Davos: A slew of urgent reforms in carbon pricing, import tariffs and regulatory issues are needed to decarbonise supply chains in time to achieve the 2030 goals to halve CO2 emissions, WTO Director-General Ngozi Okonjo-Iweala said here.
“Because countries tend to impose higher tariffs on relatively clean finished goods, but lower tariffs on often more-polluting inputs and intermediates, trade policy skews in favour of dirtier products resulting in an implicit subsidy for CO2 production of USD 550-800 billion per year,” she said on Thursday night during the World Economic Forum Annual Meeting 2023.
Eliminating this bias, she added, would reduce global carbon emissions while increasing global income.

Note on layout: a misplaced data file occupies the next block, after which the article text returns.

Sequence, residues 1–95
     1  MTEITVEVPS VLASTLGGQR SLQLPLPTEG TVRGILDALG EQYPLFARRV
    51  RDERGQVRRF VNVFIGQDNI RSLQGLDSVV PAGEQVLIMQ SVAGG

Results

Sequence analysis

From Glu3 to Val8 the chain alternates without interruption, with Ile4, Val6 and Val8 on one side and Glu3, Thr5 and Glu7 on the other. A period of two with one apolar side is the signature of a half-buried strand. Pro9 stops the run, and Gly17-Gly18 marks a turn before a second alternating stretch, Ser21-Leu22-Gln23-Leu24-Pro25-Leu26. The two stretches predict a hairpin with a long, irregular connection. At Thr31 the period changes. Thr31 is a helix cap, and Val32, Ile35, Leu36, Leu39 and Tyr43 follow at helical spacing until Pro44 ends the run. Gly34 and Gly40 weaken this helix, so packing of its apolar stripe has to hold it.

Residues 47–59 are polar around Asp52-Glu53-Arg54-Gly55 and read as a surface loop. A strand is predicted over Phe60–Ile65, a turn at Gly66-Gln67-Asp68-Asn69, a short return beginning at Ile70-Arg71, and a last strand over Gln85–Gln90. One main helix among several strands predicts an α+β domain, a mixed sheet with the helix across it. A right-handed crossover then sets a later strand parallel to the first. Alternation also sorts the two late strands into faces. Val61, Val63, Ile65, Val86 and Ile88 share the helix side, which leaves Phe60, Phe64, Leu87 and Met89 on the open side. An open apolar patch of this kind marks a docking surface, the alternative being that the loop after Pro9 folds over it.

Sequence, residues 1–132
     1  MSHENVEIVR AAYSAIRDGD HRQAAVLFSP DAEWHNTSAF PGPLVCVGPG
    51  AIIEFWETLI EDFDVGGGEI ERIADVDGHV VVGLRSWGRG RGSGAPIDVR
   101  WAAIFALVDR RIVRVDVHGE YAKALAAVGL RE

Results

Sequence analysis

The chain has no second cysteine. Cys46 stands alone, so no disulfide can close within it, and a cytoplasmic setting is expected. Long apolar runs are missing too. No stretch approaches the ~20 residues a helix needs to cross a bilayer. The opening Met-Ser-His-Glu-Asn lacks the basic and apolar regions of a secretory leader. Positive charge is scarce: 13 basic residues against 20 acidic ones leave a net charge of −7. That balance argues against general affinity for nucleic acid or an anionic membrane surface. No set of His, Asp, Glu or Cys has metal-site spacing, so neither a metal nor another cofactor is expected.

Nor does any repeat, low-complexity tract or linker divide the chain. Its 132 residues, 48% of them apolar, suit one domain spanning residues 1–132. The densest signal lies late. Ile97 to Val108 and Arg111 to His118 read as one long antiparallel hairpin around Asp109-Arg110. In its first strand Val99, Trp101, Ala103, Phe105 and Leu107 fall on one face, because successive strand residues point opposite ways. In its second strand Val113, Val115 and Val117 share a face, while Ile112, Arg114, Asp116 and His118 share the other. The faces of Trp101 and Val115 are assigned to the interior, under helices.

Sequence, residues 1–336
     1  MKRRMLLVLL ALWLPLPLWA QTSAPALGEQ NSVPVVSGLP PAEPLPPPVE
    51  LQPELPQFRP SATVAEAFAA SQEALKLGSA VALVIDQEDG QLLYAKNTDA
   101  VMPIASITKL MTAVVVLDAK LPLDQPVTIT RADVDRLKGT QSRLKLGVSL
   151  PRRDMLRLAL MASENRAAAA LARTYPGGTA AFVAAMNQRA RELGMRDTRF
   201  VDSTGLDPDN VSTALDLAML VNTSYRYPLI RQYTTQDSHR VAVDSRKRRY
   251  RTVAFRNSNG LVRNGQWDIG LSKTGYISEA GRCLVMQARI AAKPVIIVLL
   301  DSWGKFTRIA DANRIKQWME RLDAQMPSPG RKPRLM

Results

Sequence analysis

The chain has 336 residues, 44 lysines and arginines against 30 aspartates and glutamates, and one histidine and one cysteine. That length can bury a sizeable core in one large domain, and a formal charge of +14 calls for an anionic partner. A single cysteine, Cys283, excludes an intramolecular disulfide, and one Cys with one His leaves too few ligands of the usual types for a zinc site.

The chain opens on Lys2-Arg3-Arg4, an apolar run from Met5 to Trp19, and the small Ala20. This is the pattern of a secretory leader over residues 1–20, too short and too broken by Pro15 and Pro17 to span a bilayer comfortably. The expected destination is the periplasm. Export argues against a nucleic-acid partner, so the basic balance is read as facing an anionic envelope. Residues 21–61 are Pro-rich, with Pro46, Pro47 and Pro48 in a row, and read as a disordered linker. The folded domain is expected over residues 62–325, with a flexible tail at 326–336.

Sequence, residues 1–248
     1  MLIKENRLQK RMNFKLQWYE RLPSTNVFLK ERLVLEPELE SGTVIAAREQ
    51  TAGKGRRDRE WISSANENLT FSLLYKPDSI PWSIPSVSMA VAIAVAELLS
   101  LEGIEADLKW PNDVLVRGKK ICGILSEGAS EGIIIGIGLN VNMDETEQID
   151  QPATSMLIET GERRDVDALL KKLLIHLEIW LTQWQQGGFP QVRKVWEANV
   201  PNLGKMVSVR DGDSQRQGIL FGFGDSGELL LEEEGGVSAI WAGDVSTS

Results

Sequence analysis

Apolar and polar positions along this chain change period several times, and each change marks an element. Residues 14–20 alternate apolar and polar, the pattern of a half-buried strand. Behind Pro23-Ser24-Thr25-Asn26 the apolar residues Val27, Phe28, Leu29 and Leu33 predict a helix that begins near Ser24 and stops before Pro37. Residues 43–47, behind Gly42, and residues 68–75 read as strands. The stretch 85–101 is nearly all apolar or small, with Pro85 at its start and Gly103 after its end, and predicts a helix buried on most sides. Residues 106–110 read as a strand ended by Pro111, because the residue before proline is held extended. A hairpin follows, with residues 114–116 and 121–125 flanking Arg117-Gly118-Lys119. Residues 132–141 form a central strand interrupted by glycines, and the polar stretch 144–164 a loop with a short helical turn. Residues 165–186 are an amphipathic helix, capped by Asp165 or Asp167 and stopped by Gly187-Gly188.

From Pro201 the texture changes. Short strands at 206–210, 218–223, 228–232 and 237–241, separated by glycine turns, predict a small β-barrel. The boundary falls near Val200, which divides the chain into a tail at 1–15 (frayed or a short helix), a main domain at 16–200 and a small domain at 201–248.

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There are at least 70 carbon pricing schemes worldwide, leading to uncertainty and concerns on competitiveness, and the World Trade Organization is working with World Bank, Organisation for Economic Co-operation and Development and International Monetary Fund to streamline carbon pricing, she noted.
“I remain convinced that a shared global carbon-pricing framework would best provide certainty for businesses and predictability for developing countries,” Okonjo-Iweala added.
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